Foreign meds, quality control

In the past year, several major foreign pharmaceutical companies have been forced to recall thousands of medications sold in the United States. The problems with their products were myriad, including packaging defects, dosage errors, and bacterial contamination. In one especially egregious instance, epilepsy medications were found in a bottle of diabetes drugs, resulting in the recall of more than 2,000 bottles produced by a company based in India.

Given these dangerous errors, it's little wonder that American physicians are growing increasingly worried about the safety of prescription medications imported from foreign pharmaceutical companies. Compromised medications jeopardize the health of their patients.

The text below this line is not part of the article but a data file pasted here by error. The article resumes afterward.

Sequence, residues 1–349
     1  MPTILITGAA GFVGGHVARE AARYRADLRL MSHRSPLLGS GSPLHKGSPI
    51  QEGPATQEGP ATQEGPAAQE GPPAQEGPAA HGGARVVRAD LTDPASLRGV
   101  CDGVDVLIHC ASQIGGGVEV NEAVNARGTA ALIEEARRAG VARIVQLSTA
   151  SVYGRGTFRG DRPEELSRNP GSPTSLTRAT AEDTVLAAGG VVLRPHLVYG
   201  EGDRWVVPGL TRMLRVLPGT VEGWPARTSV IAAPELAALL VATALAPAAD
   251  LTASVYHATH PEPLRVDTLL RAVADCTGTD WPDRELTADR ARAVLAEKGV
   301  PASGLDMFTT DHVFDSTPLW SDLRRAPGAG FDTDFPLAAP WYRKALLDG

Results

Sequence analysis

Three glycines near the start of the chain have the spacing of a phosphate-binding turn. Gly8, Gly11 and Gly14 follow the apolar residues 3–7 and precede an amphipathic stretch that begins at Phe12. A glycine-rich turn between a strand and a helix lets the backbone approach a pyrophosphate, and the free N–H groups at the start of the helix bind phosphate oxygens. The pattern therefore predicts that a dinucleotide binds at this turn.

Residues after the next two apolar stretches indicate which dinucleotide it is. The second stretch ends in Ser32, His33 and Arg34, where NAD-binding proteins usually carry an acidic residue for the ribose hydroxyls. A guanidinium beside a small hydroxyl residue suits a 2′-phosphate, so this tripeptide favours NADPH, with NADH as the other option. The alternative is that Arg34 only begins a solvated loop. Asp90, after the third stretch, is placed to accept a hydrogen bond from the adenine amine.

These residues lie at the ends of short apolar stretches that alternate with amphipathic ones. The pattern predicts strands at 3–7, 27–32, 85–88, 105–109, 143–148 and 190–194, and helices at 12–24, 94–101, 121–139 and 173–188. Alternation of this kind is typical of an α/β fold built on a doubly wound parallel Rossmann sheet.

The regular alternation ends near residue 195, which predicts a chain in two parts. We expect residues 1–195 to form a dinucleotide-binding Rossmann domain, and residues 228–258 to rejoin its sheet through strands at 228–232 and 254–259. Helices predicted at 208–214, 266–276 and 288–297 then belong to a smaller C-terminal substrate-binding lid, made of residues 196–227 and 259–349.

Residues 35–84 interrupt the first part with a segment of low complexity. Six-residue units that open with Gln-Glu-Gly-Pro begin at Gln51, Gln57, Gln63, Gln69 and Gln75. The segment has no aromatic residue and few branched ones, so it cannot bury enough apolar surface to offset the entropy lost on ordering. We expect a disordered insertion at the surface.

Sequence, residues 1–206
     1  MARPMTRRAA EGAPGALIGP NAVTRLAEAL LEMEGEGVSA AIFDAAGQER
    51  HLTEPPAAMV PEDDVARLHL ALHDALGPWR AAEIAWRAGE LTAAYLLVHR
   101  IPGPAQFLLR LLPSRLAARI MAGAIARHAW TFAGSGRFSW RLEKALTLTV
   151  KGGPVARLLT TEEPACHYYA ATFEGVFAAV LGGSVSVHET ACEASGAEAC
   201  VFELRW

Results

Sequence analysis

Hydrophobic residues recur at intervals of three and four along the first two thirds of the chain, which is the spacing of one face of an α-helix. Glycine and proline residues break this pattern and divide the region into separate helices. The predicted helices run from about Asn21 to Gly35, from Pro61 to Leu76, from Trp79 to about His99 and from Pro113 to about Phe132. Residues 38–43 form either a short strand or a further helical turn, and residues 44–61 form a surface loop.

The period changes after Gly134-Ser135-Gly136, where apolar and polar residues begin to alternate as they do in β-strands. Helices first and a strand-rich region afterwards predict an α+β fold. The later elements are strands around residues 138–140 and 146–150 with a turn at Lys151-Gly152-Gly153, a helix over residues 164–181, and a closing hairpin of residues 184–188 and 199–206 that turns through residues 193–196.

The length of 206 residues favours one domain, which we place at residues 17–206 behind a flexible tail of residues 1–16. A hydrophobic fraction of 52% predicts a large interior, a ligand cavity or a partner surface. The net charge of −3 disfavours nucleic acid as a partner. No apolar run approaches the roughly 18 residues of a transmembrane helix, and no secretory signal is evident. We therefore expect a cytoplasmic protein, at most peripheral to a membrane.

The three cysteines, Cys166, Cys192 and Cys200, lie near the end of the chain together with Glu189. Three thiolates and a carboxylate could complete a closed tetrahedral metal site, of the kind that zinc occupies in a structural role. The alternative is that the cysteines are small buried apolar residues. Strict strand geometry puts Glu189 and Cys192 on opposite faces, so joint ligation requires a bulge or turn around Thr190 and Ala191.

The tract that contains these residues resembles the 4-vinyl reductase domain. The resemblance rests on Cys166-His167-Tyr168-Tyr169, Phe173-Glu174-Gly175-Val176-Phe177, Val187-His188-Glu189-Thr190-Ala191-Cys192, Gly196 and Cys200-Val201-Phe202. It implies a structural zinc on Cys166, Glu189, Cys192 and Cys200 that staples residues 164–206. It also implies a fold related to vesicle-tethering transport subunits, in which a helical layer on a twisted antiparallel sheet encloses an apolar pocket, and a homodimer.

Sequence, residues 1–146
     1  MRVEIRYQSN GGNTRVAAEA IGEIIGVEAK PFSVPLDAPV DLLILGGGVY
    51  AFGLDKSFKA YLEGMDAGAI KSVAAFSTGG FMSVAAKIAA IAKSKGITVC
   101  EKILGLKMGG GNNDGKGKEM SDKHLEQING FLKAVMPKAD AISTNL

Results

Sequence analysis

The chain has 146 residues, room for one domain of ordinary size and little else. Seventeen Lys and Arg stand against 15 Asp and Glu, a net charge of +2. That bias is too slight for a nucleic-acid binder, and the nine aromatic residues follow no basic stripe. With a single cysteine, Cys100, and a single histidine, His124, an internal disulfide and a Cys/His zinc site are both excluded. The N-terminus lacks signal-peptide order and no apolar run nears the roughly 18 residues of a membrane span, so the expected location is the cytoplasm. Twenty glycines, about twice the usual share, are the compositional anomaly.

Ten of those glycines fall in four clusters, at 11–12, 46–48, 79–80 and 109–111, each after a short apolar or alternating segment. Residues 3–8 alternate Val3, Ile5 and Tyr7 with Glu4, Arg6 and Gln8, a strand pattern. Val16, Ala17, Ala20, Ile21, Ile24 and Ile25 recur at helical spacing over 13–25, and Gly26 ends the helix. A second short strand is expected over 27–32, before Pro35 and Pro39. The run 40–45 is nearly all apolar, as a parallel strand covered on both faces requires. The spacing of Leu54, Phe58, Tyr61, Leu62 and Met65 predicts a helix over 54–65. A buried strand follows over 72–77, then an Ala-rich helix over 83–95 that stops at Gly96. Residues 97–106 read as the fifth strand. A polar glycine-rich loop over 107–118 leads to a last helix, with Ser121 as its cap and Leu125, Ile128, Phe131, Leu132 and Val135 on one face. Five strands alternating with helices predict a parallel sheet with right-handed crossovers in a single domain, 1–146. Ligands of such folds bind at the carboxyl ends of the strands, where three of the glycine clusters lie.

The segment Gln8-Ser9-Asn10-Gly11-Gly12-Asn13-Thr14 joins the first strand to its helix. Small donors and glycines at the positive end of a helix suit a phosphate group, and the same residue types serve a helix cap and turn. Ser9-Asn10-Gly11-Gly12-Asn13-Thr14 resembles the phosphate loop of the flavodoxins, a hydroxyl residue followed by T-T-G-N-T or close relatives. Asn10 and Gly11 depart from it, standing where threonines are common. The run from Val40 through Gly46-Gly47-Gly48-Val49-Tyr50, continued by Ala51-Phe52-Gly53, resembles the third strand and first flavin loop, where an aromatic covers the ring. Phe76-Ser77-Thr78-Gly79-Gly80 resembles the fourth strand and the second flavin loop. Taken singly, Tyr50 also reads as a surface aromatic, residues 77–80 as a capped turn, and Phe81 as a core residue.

We must strengthen America's "pharmacovigilance." The federal government should bulk up its drug import oversight apparatus and implement a tracking system that monitors the entire life cycle of medications.

Right now, 40 percent of America's over-the-counter and generic drugs come from Indian suppliers. The World Health Organization has estimated that around 20 percent of the drugs manufactured in that country are counterfeit.
 
 
 
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